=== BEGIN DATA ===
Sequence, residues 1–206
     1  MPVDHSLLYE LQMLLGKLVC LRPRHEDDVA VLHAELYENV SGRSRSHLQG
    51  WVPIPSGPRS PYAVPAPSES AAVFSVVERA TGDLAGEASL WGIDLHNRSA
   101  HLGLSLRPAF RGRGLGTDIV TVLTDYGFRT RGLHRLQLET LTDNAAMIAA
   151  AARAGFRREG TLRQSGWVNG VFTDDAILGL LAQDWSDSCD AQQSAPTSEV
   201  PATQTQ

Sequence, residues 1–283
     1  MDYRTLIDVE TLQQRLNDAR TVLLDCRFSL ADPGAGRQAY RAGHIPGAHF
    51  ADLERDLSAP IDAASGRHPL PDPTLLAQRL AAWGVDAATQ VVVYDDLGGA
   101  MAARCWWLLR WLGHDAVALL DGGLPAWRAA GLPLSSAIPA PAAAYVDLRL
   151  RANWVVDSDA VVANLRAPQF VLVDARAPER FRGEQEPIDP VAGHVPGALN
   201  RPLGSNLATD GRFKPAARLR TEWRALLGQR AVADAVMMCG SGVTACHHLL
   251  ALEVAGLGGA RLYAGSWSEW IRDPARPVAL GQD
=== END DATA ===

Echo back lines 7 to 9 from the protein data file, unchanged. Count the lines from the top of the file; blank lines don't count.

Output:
Sequence, residues 1–283
     1  MDYRTLIDVE TLQQRLNDAR TVLLDCRFSL ADPGAGRQAY RAGHIPGAHF
    51  ADLERDLSAP IDAASGRHPL PDPTLLAQRL AAWGVDAATQ VVVYDDLGGA